A trench 0.8m to 0.9m wide, 6.0m long and at least 2.0m deep is covered by a wooden or plastic floor and divided into six cubicles (Figure 14.5). The top 0.5m of the trench walls should be lined with plastic sheeting for ease of cleaning and to prevent the sides from collapsing. The cubicles and privacy screen can be made of plastic sheeting on a light wooden frame. A roof can be provided if necessary. A drainage ditch should be dug around the latrine to divert surface water.
Each day the contents of the trench are covered by a layer of soil approximately 0.1m deep. This will reduce the smell and prevent flies from breeding in the trench. When the bottom of the trench has risen to within 0.3m of the surface, the trench is filled with soil and the latrine is closed.
A trench latrine system is very labour-intensive and requires constant supervision. Not only must the contents of each latrine be covered each day, but new latrines must be prepared, old ones filled in, and regularly-used latrines must be cleaned. Close supervision is essential. A poorly-maintained latrine will quickly become offensive to the community and will not be used.
Figure 14.5. Deep trench latrines
Making use of existing facilities
In urban areas, it may be possible to make use of existing facilities such as sewers, public toilets, bucket latrines, or stormwater drains. Temporary latrines, such as the one shown in Figure 14.6, can be constructed over a sewer or drain. Additional water may be required to carry the wastes through the system.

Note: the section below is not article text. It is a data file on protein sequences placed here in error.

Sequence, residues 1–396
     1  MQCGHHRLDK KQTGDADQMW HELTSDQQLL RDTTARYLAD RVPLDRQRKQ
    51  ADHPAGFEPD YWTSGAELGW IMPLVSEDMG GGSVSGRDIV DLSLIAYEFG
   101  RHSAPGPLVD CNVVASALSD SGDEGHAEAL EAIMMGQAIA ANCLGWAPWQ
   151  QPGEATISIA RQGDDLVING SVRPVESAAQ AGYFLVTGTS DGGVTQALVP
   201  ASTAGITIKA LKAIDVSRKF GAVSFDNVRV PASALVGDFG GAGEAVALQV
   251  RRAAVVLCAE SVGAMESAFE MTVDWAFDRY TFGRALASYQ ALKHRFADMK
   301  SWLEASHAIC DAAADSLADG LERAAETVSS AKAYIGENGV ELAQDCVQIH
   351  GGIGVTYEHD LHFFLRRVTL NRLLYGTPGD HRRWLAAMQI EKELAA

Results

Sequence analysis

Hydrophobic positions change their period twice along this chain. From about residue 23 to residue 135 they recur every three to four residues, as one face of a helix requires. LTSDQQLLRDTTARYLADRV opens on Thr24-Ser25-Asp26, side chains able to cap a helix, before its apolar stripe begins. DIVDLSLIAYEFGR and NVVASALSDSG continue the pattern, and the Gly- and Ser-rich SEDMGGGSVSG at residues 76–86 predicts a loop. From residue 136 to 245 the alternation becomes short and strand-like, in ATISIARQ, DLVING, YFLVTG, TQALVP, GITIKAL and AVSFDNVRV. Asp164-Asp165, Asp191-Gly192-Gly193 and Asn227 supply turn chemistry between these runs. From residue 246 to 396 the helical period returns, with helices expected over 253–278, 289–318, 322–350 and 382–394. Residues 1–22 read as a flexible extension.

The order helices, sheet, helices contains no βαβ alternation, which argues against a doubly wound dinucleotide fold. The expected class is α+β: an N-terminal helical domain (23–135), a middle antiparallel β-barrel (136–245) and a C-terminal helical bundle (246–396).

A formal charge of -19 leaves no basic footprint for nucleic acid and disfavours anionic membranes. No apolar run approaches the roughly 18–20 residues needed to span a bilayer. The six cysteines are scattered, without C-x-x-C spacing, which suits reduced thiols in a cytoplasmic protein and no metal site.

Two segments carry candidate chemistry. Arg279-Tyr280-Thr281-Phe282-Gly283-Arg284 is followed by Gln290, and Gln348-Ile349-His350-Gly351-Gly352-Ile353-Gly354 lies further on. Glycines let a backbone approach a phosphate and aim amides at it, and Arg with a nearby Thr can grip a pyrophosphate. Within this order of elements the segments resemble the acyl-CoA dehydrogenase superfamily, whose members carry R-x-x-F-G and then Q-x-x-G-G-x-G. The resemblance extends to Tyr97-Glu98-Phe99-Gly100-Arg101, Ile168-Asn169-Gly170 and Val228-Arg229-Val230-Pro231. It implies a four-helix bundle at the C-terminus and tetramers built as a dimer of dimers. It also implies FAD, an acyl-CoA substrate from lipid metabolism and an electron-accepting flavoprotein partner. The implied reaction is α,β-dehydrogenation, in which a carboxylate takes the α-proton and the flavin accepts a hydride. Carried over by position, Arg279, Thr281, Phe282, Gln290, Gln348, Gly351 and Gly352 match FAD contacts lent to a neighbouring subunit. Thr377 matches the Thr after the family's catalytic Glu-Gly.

Mobile latrine blocks
In Europe and North America, mobile latrine blocks are common. Typically, these contain a number of toilet cubicles, sometimes provided with urinals and handwashing facilities. A tank is provided for clean water and another to collect waste. The waste tank is emptied using a portable vacuum tanker.
The deployment of mobile latrine blocks is not limited to industrialized countries. Provision for the ultimate disposal of the waste must, however, be part of their deployment.
In areas with deep soil, many borehole latrines can be built in a short time using hand augers. The holes are usually 0.3m to 0.5m in diameter and 2.0m to 5.0m deep (Figure 14.7). The top of each hole is lined with a pipe, and two pieces of wood are provided for footrests. Borehole latrines should be closed when the contents are 0.5m from the surface.
Figure 14.6. Temporary toilet over a sewer
Figure 14.7. A borehole latrine
Packet and plastic bags